As we approach the tax season, we can forget to include healthcare information. If you were without insurance of any sort throughout the year, then you may owe a penalty. If you did not have any credits this year and made above the average household income your penalties might eat into your return or leave you owing money. The different types of insurance are government, employee supplied, and individual purchased healthcare plans.
Here are some things to keep in mind as you prepare your taxes.
- You may automatically have received employee healthcare with your company. Read your employee contract and discuss with a manager or human resources to see if you automatically received coverage in your offer.
- If you recently moved out of state, then you might still have coverage in the state you moved from even if you found a provider in your new state of residence.
- If you did not receive healthcare throughout the whole year but were part of the healthcare marketplace, you may also be able to avoid the penalty.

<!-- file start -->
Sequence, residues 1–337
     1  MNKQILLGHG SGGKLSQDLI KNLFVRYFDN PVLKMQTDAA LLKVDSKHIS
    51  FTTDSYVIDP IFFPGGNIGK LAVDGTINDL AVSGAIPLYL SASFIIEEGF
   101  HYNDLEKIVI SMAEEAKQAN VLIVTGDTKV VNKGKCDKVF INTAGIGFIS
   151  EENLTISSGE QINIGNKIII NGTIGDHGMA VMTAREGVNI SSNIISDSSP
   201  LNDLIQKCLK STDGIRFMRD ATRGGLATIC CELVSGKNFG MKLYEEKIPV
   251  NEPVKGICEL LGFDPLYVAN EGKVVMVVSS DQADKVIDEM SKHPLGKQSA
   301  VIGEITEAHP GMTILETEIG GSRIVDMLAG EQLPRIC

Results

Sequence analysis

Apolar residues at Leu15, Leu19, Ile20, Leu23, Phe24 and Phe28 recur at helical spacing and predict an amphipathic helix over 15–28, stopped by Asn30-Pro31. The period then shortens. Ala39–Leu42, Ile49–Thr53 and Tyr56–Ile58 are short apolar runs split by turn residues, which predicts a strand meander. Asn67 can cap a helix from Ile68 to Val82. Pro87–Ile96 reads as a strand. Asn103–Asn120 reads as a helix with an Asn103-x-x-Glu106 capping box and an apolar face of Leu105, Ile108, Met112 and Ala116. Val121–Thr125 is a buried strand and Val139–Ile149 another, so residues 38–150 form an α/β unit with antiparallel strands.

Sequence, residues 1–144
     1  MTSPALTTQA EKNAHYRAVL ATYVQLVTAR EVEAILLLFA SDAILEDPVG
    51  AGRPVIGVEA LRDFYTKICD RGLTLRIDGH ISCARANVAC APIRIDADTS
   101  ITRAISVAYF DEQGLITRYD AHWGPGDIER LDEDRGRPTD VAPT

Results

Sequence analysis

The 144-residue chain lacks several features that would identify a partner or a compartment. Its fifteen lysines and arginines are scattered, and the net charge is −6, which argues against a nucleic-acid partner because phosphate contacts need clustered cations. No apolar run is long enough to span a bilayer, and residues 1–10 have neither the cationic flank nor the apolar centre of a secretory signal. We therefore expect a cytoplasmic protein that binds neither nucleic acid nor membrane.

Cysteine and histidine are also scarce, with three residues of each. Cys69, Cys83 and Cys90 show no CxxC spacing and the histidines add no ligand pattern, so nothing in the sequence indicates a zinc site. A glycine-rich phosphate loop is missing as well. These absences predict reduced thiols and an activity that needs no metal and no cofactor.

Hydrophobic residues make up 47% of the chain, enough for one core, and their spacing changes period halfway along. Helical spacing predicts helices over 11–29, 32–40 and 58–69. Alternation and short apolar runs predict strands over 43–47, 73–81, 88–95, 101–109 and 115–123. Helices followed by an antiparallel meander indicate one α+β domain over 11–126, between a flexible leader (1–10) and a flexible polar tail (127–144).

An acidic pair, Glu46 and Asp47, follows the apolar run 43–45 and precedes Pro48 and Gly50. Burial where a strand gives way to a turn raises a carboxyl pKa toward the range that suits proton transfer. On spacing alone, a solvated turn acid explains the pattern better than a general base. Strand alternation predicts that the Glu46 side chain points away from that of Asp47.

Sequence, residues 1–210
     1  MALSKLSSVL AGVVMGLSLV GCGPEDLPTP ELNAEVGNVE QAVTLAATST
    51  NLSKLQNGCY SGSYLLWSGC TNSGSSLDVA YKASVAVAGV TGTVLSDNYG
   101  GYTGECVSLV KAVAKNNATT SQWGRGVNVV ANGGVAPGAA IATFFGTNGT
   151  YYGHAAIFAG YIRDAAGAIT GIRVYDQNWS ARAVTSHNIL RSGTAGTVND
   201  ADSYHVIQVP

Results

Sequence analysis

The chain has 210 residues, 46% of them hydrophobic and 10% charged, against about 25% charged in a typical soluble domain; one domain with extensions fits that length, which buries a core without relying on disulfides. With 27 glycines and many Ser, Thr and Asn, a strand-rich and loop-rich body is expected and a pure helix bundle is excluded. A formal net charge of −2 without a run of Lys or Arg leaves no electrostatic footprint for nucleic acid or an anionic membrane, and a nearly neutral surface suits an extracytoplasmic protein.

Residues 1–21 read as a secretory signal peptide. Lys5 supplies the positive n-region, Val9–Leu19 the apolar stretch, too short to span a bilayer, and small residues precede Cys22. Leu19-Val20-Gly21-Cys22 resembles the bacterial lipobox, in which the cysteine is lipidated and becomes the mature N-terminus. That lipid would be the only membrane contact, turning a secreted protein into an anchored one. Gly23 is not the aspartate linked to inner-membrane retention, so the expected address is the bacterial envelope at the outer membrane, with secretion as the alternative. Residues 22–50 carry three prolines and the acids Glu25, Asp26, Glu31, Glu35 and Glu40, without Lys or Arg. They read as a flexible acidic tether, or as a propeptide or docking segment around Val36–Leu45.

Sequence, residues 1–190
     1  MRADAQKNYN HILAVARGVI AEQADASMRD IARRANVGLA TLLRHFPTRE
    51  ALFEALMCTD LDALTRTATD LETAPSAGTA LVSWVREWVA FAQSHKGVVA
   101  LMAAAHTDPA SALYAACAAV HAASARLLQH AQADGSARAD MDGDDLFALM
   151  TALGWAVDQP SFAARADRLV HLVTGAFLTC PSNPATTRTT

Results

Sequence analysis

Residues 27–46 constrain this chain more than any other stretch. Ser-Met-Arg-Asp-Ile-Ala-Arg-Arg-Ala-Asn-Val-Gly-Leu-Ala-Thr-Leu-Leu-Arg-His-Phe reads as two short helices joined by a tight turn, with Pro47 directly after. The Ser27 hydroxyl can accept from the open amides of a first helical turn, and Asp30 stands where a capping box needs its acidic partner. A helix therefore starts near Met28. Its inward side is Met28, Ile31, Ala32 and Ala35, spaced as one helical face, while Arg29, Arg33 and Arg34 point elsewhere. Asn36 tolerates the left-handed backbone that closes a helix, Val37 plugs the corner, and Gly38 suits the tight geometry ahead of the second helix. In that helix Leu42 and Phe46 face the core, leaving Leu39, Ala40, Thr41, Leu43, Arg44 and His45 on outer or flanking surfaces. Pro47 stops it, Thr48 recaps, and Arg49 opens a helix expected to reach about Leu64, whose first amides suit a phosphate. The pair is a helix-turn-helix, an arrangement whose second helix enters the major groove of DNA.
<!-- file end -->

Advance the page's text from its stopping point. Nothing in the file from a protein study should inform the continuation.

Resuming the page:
- Check other insurance policies to see if they came in a bundle with family health insurance.
- If you can prove hardship or loss of employee insurance, you may be able to get an exemption.
- Some employers will allow you to keep your health insurance up to a certain period after your position is terminated. Check to see if you had insurance over that period.
Most of these concerns can be answered by a professional tax preparer or accountant. Any exemptions available can be found on irs.gov. The exemptions can change from year to year. If you are worried that you might owe a penalty. The easiest way to ensure you can avoid the penalty is to sign up for private healthcare or healthcare through an employer. If you cannot afford these options, then seek out a government agency or sign up on the healthcare marketplace. This way you at least have the option to qualify for an exemption and possibly avoid the penalties. The IRS may require you to provide proof of insurance, but most of the time all you will need is to provide your tax professional with your information.